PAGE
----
Planned Obsolescence, Preservation

1 Leave a comment on paragraph 1 0 In the fourth chapter of Dr. Kathleen Fitzpatrick’s Planned Obsolescence, titled “Preservation,” Dr. Fitzpatrick addresses a sort of anxiety about the future of texts produced in the age of networked publishing systems. This anxiety lies in underlying assumptions that printed books are tangible/material/durable while digital texts and data are insubstantial/ephemeral/fragile. Dr. Fitzpatrick dismantles this binary by highlighting the way in which printed material degrades and how recoverable data is.

2 Leave a comment on paragraph 2 0 [In my current job at a conservation studio, I can attest to the fragility of paper (or any other material). Even acid-free can develop all sorts of unforeseen problems: accumulations of dirt, mold, salt, foxing (a sort of rust), etc. It can be really gross but also fascinating but I digress…]

3 Leave a comment on paragraph 3 0 I am very generally simplifying her nuanced disagreement with these assumptions about printed material and digital texts in order to get to a key difference, which Fitzpatrick explains, “has to do with our understandings of those forms” (123).

4 Leave a comment on paragraph 4 0 Centuries of theory and practice have given way to a culture and infrastructure devoted to the preservation of printed material. Dr. Fitzpatrick argues that there now exists a need to quickly and carefully “develop practices appropriate to the preservation of our digital heritage” (123) that involves “collective insight and commitment of libraries, presses, scholars, and administrators” (125). One challenge in this age of digital production and the establishment of preservation practice(s) is due to the multiplicity of systems that host digital projects, which makes the task of developing unified theory difficult. Dr. Fitzpatrick argues that three preservation issues must be addressed: the development of commonly held standards for markup, the provision of appropriate metadata, and continued allowance of access.

5 Leave a comment on paragraph 5 0 What was most compelling to me was the way that Dr. Fitzpatrick highlights the significance of social systems are in addressing these issues. In discussing standards, she highlights that open source software is supported by committed development communities. When discussing metadata, she argues that future classification systems should reflect both expert opinions as well as user experience. In the section on access, Dr. Fitzpatrick discusses two preservation programs, LOCKSS and Portico, with regard to their models of installation, collection, and distribution of material, and user experience.

6 Leave a comment on paragraph 6 0 Overall, this chapter demonstrates how productive a shift in focus can be. Certainly, issues of technique and best practices for digital preservation need to be considered, which Dr. Fitzpatrick discusses. At the same time, by calling for a shift in focus from the (im)material aspects of digital publications, which can fatalistic and reductive, to the social aspect of preservation. Establishing communities devoted to digital preservation beneficial to host institutions as well as a public good.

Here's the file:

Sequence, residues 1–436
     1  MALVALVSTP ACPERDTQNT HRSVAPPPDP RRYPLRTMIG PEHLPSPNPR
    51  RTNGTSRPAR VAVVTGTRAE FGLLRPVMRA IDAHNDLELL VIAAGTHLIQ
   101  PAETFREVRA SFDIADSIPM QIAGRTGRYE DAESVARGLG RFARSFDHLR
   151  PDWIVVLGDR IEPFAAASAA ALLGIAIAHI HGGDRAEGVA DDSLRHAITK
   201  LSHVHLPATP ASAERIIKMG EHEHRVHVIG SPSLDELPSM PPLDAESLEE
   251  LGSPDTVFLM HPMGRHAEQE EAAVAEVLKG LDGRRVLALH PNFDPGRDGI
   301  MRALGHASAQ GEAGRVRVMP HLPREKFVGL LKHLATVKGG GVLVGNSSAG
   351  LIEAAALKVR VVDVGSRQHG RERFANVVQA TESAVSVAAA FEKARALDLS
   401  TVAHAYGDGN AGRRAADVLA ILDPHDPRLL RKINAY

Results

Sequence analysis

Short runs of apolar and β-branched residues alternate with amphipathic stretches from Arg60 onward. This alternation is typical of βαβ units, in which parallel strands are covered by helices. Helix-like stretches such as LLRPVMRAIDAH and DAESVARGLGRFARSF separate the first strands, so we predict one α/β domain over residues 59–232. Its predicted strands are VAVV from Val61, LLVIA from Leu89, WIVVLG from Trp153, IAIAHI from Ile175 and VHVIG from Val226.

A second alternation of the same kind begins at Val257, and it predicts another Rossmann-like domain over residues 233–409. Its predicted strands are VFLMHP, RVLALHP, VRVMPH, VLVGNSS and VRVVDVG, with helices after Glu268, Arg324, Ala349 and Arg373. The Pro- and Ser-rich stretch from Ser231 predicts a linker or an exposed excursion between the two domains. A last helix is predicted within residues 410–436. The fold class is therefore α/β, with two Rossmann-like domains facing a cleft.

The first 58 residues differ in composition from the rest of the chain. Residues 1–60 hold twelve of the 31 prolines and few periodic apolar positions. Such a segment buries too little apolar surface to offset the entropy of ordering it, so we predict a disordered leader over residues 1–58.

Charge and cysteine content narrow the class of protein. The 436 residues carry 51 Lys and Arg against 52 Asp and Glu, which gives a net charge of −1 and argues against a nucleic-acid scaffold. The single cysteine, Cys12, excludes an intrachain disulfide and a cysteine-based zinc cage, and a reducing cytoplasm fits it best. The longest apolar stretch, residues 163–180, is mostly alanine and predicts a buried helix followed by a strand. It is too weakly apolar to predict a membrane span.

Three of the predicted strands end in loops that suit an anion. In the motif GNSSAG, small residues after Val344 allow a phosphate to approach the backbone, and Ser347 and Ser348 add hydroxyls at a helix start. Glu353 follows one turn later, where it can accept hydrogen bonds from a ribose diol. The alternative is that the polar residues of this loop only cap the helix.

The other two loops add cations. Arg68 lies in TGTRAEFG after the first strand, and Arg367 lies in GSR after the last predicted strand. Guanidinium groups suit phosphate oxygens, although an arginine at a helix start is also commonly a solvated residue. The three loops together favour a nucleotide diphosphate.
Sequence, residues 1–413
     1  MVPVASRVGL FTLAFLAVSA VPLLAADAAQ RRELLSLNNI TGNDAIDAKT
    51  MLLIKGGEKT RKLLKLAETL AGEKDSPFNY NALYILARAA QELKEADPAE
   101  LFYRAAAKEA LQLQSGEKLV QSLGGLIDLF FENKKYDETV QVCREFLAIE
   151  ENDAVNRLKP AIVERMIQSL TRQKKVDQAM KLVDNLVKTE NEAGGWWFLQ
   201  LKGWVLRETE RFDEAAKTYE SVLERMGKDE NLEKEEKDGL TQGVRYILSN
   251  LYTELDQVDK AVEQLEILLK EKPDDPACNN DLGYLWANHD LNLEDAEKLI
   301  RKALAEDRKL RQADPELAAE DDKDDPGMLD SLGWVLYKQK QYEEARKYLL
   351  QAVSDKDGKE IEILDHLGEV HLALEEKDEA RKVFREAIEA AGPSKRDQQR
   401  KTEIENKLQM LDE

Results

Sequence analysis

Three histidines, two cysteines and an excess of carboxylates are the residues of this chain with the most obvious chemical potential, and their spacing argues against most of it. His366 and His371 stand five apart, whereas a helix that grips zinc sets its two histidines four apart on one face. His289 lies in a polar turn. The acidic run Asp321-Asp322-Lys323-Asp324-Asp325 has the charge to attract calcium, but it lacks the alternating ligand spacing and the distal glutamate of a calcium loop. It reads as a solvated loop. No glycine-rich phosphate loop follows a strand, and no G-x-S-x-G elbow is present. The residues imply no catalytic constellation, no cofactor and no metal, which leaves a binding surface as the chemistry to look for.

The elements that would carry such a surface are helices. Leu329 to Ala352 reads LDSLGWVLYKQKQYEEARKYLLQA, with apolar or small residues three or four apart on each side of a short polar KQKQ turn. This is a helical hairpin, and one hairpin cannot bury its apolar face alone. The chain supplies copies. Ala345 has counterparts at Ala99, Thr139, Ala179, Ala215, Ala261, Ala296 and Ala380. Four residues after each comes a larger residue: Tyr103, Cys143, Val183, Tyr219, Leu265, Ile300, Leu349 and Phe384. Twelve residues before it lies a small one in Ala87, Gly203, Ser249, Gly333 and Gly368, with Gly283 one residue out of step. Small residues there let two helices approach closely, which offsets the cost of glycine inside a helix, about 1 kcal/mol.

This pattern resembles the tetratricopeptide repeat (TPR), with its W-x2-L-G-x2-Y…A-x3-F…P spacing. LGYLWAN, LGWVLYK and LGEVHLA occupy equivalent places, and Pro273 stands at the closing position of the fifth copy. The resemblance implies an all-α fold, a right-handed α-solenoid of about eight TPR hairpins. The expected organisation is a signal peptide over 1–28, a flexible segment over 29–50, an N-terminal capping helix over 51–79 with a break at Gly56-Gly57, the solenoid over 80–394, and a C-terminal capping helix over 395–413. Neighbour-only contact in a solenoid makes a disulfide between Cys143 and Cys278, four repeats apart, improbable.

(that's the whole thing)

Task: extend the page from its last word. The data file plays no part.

7 Leave a comment on paragraph 7 0 Source:

8 Leave a comment on paragraph 8 0 Fitzpatrick, Kathleen. “Preservation.” Planned Obsolescence: Publishing, Technology, and the Future of the Academy. New York: New York University Press, 2011. 121-154. Print.

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One Comment

  1. Posted November 3, 2016 at 2:14 pm | Permalink

    One of the articles mentioned yesterday during class was Jill Lepore’s “Can the Internet Be Archived?”, published by The New Yorker back in January, 2015 (http://www.newyorker.com/magazine/2015/01/26/cobweb).

    Lepore not only talks about the continuous “overwriting, drifting and rotting” regarding Web preservation, but also discusses the importance of the Internet Archive in San Francisco. Along the article, other topics that are brought to the table include the relationship between material and digital archives, the restrictions that come with copyright infringement and the actual working-process of the Wayback Machine.

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    Encouraging students think about the impact advancements in digital technology have on the future of scholarship from the moment they enter the Graduate Center, the Digital Praxis Seminar is a year-long sequence of two three-credit courses that familiarize students with a variety of digital tools and methods through lectures offered by high-profile scholars and technologists, hands-on workshops, and collaborative projects. Students enrolled in the two-course sequence will complete their first year at the GC having been introduced to a broad range of ways to critically evaluate and incorporate digital technologies in their academic research and teaching. In addition, they will have explored a particular area of digital scholarship and/or pedagogy of interest to them, produced a digital project in collaboration with fellow students, and established a digital portfolio that can be used to display their work. The two connected three-credit courses will be offered during the Fall and Spring semesters as MALS classes for master’s students and Interdisciplinary Studies courses for doctoral students.

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